Margolis is interested in training empowered actors who own their craft and can devise or collaborate in making new work—actors who can change theatre from the inside out.
No survey concerning movement training in the U.S. would be complete without a nod to Dell’Arte International, for over 30 years a residential company, training facility and now an accredited provider of an MFA in physical theatre. Joan Schirle, the founding artistic director (as well as senior Alexander teacher) says the school in northern California seeks to train “the global, flexible actor-poet, who can command the space of the stage with vocal and physical prowess in a dynamic play, original or interpretive, and who has amassed the vocabulary to make great theatre.
“The school has a completely integrated curriculum and a faculty united around the trajectory of students’ journey through the work—physical training is not separate from the study of making theatre,” Schirle avows. She stresses that the school should be viewed as a laboratory where students learn to devise their own work. “We focus more on principles than techniques; our training allows the actor to discover—or in some cases, invent—the technique that serves the content of a particular work. We focus on the role of the artist in community, as citizen, shaman and poet.” The lab aspect of Dell’Arte does not apply only to the students. Faculty are encouraged to continuously research, explore and invent. Having studied with voice teacher Patsy Rodenburg and investigated the work of Roy Hart and voice–movement therapy, Schirle is now developing a physicalized vocal training for the school.
Long before he started teaching at Brown/Trinity, Daniel Stein was Étienne Decroux’s translator and an actor with the French National Theatre. He was also associated with Dell’Arte International, working first as dean and then as school director for a decade. The movement approach he has refined over time he calls Poetic Dynamics. I am calling it an approach rather than a method because Stein, like some others interviewed here, is leery of the term: “I have a bone to pick with ‘method’—people should find what works for them.”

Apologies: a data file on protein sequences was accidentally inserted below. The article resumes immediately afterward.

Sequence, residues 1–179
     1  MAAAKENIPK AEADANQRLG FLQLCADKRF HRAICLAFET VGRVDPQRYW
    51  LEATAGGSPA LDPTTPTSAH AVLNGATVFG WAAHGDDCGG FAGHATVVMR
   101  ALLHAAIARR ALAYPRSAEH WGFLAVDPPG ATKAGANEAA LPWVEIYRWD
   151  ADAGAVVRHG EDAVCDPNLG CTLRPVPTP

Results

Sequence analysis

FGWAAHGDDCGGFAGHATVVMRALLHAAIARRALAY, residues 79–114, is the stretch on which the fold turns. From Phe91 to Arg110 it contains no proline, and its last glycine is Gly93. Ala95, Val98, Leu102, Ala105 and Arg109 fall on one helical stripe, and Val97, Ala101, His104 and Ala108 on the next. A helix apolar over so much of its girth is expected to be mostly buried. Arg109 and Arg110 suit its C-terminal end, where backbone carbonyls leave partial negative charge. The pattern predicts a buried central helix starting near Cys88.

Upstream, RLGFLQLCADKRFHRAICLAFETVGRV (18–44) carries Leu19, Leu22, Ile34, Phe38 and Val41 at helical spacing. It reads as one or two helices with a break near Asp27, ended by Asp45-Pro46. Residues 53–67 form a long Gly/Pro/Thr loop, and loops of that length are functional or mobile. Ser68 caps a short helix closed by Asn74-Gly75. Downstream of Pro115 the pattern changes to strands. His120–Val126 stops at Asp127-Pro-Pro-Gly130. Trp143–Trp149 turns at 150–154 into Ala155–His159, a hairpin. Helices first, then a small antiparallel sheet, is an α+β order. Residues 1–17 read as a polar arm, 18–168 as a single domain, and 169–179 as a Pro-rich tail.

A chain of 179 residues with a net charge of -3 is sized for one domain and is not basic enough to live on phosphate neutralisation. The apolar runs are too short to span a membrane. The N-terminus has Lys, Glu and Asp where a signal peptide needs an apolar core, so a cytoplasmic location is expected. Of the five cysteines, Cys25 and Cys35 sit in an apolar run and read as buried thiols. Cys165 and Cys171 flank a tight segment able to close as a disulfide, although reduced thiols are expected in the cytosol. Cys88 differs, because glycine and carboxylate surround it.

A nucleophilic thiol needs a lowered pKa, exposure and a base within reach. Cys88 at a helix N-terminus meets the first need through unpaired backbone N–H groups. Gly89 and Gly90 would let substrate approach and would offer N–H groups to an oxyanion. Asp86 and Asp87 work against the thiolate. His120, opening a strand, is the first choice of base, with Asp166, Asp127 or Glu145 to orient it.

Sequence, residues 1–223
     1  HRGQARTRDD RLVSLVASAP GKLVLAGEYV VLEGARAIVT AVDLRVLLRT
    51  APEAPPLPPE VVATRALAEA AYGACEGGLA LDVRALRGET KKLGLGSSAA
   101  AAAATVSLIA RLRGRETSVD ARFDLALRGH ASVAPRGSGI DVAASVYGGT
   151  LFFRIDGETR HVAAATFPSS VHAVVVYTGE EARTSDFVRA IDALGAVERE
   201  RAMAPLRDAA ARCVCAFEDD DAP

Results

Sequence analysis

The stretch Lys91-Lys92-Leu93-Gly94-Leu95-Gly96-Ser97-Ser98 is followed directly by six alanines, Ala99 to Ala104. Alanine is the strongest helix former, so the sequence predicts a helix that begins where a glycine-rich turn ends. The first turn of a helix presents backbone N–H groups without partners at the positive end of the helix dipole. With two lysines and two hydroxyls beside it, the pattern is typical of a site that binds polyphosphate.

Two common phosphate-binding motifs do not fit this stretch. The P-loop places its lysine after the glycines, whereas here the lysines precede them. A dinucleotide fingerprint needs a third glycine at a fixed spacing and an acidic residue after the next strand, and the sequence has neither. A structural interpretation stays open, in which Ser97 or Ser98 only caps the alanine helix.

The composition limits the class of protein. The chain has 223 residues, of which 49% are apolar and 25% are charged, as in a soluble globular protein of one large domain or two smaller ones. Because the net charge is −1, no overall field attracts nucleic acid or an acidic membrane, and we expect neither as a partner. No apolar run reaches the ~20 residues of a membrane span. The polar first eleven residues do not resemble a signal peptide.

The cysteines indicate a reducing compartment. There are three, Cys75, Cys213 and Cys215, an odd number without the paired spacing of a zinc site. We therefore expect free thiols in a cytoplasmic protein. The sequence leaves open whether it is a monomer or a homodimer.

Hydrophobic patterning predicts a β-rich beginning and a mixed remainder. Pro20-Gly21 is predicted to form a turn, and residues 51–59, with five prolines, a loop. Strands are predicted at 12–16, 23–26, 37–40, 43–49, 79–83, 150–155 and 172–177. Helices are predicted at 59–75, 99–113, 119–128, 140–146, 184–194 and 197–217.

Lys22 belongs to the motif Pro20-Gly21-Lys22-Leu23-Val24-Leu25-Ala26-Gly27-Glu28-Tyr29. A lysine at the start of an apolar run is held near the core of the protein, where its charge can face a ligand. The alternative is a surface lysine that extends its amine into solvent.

In Poetic Dynamics, “The main focus is what I would call the three rhythms,” Stein explains. “We have architectural rhythm, which is the rhythm of shape. And shape has meaning. If the actor does not understand the meaning of shape, then movement becomes gratuitous and shape becomes confusing. The second dynamic is a rhythm of tension, or lack of tension—the contrast between something that is moving through space when the space is almost empty, or something moving through space when the space is more viscous. The third rhythm is tempo: the speed, or lack of speed, at which things move by us. The architectural rhythm, the shape rhythm and then the dynamic rhythm—the constant juxtaposition of those three elements is the basis of what I teach. These are all the elements that go into your spine. The spine is literally the column that is holding everything up. And a person’s spine is a thermometer of his or her own emotional connection to whatever’s going on.”
I could not end this section without considering the idea that intent is as important as method or specific exercises. Jim Calder laid that idea out for me in the clearest (and drollest) manner: “I worked with Melissa Smith at the American Conservatory Theater in San Francisco,” he told me, “and we were always joking that basically I am teaching sex and faith. Because what else is there? There’s desire and belief. Without both, everything is really boring. What I mean is, ‘This is your desire—you want this thing, so you have to create a counter-desire that is just about equal to it, 50/50.’ For example, you have to fall in love with the trash can. Absolute lust. So you create a counter-belief: If you touch it, you’ll die. You have to constantly want and then constantly be put off by it. It has to cost you something. What I am really trying to teach people is, as Winston Churchill said, ‘to risk more than they can afford to lose.’ I believe that’s essential. If they don’t have that, everything else is an ornament hanging on an empty tree.”
Finally, let’s return to Jewel Walker for a comment, not on how to train an actor but on what an actor needs before he ever sets foot into the studio or onto the stage: “I believe that acting is more an act of will than it is talent or anything else. You step out there, and you do something. I can work with that.”
The Changing Field